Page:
As part of the everyday landscape of mountainous Hong Kong, outdoor stairways play a critical role in creating a permeable and accessible public realm. Embedded in hillsides, stacked on sidewalks or replacing streets and alleys altogether, Hong Kong’s ubiquitous and often emergent stairs (and the complex wayfinding they enable), are a reflection of a diverse city in continual flux.
Obliquely understood as utilitarian uphill access routes, the majority of Hong Kong stairs are built and maintained with function and frugality in mind. Although some number among the city’s oldest remaining built insertions, consolidated documentation of stairways is limited to the few declared a Monument or given a Built Heritage Grade. However, beyond those with or deserving of heritage status, there are thousands of stairways whose transitioning role is an indicator of wider cultural landscape change. Serving as markets, ephemeral gathering places, secret short-cuts, wedding photo hot-spots, or quiet rest areas away from vehicular traffic, stairways are a vital typology of pedestrian and community infrastructure which define and embody the shared cultural experience of Hong Kong’s extreme topography.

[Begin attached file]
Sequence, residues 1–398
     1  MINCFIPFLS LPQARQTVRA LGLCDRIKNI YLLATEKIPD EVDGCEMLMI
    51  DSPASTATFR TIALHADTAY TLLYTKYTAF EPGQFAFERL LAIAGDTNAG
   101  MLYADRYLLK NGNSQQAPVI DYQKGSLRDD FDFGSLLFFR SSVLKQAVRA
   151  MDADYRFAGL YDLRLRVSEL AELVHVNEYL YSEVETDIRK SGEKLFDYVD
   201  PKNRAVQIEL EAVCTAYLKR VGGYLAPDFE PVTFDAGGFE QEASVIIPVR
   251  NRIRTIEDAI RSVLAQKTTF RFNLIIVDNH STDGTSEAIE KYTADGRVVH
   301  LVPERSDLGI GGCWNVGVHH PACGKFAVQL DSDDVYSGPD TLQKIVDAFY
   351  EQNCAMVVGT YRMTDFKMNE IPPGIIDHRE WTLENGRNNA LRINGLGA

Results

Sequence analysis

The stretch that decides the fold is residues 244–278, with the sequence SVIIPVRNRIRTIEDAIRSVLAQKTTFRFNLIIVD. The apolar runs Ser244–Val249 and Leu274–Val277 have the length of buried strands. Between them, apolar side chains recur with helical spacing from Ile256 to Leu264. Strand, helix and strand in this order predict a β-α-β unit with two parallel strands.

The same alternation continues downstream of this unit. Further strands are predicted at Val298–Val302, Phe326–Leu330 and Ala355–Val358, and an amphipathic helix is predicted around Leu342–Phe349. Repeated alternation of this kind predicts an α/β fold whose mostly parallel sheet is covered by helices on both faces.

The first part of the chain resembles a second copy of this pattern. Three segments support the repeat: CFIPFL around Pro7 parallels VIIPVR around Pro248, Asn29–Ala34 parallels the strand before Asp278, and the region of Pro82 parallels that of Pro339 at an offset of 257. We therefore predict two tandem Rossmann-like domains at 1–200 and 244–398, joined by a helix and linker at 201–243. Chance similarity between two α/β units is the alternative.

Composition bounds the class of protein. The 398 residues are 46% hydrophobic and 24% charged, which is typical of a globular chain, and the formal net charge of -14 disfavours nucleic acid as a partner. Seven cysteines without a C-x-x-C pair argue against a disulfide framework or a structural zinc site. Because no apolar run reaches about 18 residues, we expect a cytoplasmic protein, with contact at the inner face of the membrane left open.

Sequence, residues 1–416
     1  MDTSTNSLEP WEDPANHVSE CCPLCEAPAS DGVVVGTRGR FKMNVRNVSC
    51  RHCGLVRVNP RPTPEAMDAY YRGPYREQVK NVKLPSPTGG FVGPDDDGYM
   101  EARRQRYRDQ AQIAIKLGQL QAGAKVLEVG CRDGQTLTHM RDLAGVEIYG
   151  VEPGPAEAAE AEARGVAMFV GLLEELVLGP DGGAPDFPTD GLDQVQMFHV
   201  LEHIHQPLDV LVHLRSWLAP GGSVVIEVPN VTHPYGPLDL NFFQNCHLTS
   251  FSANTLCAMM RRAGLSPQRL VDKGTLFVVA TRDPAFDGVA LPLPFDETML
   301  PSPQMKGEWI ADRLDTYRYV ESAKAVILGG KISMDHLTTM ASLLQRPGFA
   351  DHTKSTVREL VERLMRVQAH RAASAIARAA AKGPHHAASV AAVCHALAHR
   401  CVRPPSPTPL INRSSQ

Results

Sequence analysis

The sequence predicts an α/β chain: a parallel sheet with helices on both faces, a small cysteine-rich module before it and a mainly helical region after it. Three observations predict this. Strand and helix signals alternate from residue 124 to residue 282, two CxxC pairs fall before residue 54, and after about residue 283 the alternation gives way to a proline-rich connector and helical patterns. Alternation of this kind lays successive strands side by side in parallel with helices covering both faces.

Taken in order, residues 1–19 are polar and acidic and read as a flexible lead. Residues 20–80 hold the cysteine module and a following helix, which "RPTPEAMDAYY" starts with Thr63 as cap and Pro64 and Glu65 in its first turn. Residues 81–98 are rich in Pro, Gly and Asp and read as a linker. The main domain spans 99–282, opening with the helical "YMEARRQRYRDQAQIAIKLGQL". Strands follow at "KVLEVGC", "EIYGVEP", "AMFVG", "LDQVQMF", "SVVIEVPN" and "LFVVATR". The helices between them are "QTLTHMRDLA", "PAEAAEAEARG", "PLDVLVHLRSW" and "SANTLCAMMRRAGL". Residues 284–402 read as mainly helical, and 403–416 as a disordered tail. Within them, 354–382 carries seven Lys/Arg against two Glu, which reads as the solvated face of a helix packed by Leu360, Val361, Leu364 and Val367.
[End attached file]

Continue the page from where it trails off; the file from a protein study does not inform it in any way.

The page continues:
Stairs are all too often seen as barriers to be replaced by an elevator or an escalator, rather than being understood as pieces of cultural and physical heritage which have shaped the very essence of the city. By investigating the role of stairs in defining the character of the Blake Garden neighborhood within the context of Hong Kong, a Stair Culture is discovered whose existence can condition types of intervention which will respect and improve the existing fabric of the city, rather than perpetuate the current practices of devaluation, destruction, and replacement of that which is deemed no longer useful or profitable enough. These destruct-to-construct practices have led to the generally poor condition of the public realm and the increasingly placeless, generic Hong Kong we find today.
In seeking to redefine pedestrian infrastructure in Hong Kong as an agent in the creation of places of social and cultural value, we suggest a strategy of situational redefinition where generic solutions are adapted to meet specific needs after a close examination of circumstances. Stairs are understood not just as circulation corridors but also as integral to the identity of the communities in which they reside – they both reflect and embody their environment. Cultural connections to stairs are not immediately apparent, but have meaning to the people who use them and places where they exist. These connections, and the sense of discovery and relative privacy they elicit, are valuable parts of a future city where difference can be prioritized over equality, community benefit over financial gain, slowness over speed, and meandering-through over travelling above.